Perhaps my “key turning” is more “attitudinal” than physical. I’ll take a video and post it under Technique Critique.

I won’t create a new topic for the videos. Here’s some fragments. These were all done in one take with no attempt at perfection. Thanks @Troy and @tommo for any comments in advance. I’m very happy with my progress!

Beaumont Rolls:

Glasgow Kiss:

Leather Britches:

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Nice pickin! Yeah to me I can see your forearm appears ‘stuck’ to the guitar body, so…no key turning happening :slight_smile: If thinking about it that way helps though…no harm I guess!

But…but…but…
Ok here’s the slow exaggerated-motion version of my movement that I use for the first few warmups. What do you call this?

To me that looks more like that motorcycle rev form. But I should probably stop commenting lol! I have been known to think I see forearm rotation when the motion is flex-stension/reverse-dart-thrower so I am not a reliable source.

The thing I do know is, if it can go fast, good! If not, bad!

From what I can tell that absolutely has forearm motion along with wrist extension.

I think there’s a lot of range there between 902 and forearm rotation where you get some things that are barely noticeable as motorcycle rev because of so little forearm movement and vice verse (not as much wrist extension vs forearm movement) so it’s easy to get thrown off.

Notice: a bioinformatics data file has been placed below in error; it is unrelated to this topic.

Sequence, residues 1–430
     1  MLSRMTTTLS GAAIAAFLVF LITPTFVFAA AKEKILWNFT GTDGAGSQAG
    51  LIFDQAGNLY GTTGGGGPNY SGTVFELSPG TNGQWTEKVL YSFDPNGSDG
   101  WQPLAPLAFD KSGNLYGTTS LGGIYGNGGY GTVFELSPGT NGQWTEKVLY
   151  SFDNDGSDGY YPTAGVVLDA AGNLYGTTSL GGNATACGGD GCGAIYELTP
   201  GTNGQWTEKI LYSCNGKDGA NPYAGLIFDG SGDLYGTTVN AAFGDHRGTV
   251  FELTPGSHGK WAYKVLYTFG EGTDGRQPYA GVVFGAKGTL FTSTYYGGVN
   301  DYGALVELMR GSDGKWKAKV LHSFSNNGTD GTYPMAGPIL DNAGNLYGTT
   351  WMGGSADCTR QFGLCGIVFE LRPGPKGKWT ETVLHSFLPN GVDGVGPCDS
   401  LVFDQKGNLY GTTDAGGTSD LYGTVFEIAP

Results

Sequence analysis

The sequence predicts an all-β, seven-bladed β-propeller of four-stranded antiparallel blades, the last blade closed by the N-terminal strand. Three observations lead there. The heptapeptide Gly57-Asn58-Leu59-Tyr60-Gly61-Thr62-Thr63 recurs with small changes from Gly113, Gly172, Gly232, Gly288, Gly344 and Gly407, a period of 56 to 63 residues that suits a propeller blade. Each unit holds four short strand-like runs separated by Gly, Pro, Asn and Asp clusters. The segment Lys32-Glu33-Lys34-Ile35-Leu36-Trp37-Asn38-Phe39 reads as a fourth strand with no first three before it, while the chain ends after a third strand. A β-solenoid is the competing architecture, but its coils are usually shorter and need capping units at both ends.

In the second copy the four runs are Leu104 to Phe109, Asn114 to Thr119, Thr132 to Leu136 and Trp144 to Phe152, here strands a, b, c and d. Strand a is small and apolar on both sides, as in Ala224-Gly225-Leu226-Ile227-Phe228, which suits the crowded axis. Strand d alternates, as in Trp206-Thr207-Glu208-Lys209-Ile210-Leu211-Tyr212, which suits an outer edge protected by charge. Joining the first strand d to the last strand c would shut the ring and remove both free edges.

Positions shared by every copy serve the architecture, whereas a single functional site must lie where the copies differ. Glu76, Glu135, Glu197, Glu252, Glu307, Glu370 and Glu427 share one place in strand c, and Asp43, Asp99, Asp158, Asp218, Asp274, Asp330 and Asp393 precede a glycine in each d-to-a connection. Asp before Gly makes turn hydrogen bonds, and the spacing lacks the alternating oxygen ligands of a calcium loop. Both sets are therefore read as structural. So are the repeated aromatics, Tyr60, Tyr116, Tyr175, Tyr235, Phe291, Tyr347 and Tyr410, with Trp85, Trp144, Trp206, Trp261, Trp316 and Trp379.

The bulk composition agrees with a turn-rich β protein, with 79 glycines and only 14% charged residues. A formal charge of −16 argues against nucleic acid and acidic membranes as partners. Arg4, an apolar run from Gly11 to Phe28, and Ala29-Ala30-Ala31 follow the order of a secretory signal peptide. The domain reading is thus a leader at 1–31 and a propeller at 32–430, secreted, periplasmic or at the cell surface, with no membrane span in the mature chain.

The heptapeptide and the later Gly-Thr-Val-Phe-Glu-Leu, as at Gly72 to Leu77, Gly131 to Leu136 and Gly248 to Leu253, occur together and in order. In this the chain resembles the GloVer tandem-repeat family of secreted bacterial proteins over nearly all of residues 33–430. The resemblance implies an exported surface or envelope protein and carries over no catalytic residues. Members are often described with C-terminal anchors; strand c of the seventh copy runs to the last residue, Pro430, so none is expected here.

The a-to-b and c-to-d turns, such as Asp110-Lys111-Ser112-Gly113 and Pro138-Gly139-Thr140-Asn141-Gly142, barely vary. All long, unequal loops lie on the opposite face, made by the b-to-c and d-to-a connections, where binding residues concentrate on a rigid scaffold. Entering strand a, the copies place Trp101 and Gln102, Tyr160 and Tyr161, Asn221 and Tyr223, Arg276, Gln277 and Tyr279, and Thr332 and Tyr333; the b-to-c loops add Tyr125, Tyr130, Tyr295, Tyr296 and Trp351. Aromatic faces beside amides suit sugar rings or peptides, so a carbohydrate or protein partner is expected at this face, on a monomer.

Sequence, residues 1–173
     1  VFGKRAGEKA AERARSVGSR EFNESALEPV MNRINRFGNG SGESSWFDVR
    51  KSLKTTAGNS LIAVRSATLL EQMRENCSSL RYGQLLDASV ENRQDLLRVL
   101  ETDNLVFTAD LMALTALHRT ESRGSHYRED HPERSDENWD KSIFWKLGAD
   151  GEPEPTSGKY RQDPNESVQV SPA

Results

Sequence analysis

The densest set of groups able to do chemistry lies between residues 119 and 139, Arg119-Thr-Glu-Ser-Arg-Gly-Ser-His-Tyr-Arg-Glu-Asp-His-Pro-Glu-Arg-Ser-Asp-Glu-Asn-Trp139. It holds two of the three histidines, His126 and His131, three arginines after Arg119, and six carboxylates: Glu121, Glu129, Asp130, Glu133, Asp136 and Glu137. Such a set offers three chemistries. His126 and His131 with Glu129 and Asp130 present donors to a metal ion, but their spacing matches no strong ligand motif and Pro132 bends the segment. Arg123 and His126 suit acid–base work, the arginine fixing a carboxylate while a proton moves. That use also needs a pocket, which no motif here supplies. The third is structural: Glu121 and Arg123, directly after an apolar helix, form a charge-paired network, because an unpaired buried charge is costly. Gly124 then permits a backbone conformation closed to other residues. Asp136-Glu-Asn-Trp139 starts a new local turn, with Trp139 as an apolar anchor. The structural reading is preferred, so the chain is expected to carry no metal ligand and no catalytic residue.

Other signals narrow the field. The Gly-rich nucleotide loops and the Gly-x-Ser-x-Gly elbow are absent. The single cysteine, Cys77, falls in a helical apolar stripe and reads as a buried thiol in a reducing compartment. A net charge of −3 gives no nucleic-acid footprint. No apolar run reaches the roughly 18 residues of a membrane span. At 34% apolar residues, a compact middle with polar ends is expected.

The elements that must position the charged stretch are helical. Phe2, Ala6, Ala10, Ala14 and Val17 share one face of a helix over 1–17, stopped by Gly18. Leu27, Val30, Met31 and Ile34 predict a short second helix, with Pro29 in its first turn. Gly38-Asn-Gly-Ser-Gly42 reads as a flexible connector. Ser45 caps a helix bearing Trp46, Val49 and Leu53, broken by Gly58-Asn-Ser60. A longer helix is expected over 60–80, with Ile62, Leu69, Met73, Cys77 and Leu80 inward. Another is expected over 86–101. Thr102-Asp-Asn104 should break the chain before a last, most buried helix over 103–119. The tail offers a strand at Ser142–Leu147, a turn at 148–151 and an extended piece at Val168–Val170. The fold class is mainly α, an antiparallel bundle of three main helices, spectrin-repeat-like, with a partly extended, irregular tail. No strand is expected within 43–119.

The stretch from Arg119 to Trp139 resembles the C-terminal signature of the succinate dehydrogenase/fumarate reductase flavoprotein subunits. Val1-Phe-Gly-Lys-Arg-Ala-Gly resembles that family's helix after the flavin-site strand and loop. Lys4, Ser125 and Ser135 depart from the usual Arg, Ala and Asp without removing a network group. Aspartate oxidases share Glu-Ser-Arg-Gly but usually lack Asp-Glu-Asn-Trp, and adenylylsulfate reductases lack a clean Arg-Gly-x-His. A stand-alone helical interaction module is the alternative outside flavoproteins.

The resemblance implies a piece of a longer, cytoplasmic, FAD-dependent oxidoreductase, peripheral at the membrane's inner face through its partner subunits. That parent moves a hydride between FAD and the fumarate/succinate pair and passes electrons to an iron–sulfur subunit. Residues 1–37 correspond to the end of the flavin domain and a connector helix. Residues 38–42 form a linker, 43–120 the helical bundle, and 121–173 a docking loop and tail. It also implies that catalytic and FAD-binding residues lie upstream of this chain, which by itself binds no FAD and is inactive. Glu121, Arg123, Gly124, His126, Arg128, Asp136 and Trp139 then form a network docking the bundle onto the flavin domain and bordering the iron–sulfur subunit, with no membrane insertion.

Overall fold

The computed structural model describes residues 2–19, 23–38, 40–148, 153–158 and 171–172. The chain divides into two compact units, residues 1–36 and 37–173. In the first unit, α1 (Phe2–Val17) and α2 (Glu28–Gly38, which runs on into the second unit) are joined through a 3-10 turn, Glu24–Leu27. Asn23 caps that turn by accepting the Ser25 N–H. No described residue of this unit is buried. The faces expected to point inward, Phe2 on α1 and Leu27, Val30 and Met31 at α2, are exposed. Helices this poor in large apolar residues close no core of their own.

Thanks for these clips! And nice work on the experimentation. This is how you make progress, by constantly trying new things until something suddenly works.

The first three clips are all wrist motion. There is no key turning or “motorcycle grip” motion there because there is no forearm joint motion happening. It is just the hand moving back and forth.

The last clip looks like the motion we see players make when they try to “do crosspicking”. This almost never works, because it’s a simulation they can only do at slow speeds, and also contains extra joint motion (forearm) that they may not even make when going faster. Can you do that motion fast? If not, you can get rid of it, it’s only going to waste your time. Again, this is true only if you can’t do it fast. If you * can * do it as fast as the other clips, then it’s just a second motion and it’s fine to work on it.

Finally, just to be sure you are on the right track, when you do the motion from your Beaumont clip, do you sense any arm tension or speed limit? Ideally you shouldn’t. You can test this by trying to go faster than the Beaumont clip. You should be able to keep speeding up while maintaining a feeling of smoothness. As you get faster, you may not hit all the notes, and the motion may flatten out or hit wrong strings. But that’s ok, that’s the test — to make sure it never feels tensiony and there is no hard speed limit.